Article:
Ultimately, what prayer is about is our need to be in relationship with God; so the prayer Jesus gave the disciples is very relational, very honestly relational and it doesn’t require them to be any different or better than they already are in prayer. Having said all I’ve said though, I do think that prayer is something that you can get better at, not better in the sense of getting those better results I mentioned earlier, but better in the sense of the relationship with God. Mostly getting better at prayer has to do with time and distractions.

I’m leaving this afternoon for a retreat that’s part of Lee Goodwin’s Sabbath Project. When I’ve done retreats with him before there are times of more formal prayer and other group activities but there are always periods of quiet, not necessarily just sitting silently, navel gazing, just being quiet. For me, my usual distractions are gone, no TV or radio or CD’s to listen to, no computer and no sense that I should be “busy” doing something else. With those distractions gone at some point my mind usually settles down, at least for awhile and the sense of God’s presence becomes greater; the ability to listen to God, to listen for God is enhanced. I’m more attentive, less anxious, less distracted.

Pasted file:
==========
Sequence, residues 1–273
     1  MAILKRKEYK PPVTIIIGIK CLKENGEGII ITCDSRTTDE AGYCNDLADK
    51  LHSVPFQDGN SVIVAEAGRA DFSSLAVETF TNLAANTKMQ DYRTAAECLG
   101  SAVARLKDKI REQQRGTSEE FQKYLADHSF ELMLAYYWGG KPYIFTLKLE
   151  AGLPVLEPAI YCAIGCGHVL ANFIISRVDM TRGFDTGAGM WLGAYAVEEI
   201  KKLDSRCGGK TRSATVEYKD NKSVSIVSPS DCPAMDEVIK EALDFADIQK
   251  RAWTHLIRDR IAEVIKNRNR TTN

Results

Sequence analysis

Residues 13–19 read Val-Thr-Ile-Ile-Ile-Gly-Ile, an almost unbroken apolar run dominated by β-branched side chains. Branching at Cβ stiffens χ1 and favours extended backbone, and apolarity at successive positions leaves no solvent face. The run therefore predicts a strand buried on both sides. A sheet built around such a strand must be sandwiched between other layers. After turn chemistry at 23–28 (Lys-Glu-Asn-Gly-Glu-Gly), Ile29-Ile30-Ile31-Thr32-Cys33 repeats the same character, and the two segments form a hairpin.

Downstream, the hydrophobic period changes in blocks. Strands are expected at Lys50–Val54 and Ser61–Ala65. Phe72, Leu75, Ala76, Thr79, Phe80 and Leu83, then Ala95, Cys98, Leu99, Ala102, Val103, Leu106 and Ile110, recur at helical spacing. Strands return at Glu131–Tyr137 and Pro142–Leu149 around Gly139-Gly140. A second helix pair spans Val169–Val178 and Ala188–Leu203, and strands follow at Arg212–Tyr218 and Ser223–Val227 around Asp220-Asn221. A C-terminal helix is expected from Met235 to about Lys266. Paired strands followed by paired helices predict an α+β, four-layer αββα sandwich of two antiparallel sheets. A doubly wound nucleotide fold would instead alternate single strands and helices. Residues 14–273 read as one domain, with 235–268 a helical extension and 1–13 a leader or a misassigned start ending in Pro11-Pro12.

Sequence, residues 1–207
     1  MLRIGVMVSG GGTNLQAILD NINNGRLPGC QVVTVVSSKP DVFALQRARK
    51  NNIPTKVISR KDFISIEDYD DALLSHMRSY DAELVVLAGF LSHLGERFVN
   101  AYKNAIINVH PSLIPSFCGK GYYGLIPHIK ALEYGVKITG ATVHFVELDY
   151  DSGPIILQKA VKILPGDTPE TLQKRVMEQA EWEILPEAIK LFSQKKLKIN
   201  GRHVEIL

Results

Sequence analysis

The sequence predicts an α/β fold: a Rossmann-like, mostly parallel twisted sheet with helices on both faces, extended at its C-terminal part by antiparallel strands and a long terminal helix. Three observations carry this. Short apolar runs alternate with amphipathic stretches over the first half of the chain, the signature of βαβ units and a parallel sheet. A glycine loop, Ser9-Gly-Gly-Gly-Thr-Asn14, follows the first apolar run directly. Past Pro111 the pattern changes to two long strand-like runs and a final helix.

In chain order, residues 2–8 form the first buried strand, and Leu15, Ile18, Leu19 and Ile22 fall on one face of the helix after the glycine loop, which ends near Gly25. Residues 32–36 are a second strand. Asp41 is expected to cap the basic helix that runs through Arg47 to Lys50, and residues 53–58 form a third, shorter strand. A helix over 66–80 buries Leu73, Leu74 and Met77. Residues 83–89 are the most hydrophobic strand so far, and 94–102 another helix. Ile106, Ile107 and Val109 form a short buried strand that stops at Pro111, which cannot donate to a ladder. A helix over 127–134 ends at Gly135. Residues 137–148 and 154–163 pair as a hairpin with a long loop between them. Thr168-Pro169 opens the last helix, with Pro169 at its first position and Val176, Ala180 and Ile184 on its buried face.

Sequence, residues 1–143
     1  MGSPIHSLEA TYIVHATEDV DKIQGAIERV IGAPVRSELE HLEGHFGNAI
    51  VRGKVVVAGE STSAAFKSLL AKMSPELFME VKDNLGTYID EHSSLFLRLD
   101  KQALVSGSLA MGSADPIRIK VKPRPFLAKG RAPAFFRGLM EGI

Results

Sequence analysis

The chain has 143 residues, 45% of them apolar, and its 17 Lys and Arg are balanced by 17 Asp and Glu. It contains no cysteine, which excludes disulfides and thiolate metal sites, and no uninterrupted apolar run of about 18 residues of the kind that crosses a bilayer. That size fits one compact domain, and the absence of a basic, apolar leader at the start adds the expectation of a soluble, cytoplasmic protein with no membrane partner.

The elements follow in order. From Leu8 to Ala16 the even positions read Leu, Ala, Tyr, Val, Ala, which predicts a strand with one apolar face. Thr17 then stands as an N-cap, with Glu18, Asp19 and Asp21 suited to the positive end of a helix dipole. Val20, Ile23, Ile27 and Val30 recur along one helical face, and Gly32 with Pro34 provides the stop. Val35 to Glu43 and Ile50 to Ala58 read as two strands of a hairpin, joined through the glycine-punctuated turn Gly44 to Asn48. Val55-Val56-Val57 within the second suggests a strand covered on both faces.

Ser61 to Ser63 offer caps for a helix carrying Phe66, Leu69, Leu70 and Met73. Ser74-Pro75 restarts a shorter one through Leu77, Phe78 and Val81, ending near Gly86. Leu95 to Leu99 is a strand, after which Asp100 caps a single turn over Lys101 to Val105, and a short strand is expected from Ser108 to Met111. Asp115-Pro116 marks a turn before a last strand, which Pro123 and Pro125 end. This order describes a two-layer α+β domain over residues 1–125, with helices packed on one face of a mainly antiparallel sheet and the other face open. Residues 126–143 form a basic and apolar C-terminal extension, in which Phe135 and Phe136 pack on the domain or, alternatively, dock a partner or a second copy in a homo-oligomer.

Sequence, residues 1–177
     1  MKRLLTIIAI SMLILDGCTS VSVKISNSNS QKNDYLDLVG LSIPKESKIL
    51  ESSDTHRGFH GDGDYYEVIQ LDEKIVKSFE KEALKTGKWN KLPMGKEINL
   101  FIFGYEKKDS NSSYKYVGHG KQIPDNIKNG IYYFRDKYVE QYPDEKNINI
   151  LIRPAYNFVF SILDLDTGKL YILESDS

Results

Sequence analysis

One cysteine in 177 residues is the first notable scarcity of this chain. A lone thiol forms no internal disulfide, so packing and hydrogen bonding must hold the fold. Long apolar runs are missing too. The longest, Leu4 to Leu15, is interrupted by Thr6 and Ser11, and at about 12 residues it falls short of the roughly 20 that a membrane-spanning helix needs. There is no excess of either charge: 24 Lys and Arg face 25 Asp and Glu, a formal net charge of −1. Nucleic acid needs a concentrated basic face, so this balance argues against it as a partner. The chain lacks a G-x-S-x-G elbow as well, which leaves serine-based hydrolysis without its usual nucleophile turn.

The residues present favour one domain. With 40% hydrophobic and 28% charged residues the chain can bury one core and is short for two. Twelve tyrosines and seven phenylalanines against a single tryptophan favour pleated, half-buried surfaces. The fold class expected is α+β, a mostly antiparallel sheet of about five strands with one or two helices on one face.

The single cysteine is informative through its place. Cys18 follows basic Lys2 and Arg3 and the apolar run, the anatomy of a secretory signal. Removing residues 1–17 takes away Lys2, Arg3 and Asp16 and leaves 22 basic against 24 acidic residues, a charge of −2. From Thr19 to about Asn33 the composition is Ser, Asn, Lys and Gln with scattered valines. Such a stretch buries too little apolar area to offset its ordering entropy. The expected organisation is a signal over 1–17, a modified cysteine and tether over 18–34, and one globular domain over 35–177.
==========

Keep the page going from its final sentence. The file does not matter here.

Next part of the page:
You may already do this, you just might not think of it as prayer. But think about sitting staring at a lake or walking quietly in the woods, or gazing into a fire, things like that, and you too probably have those moments. You might not be able to put your finger on it, but it’s different, and it’s good. Pay attention to those times, because I think they have to do with God.

Rev. Warren Geier

 
 

Bethany Lutheran Church
715 Mather Avenue
Ishpeming, MI 49849

Phone: 906-486-4351
Fax: 906-486-9640
contact@bethanyishpeming.org

Rev. Warren Geier, Pastor
pastor@bethanyishpeming.org

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“Whoever
welcomes
one such child in my name
welcomes me, and whoever
welcomes me welcomes
not me
but the
one who
sent me.”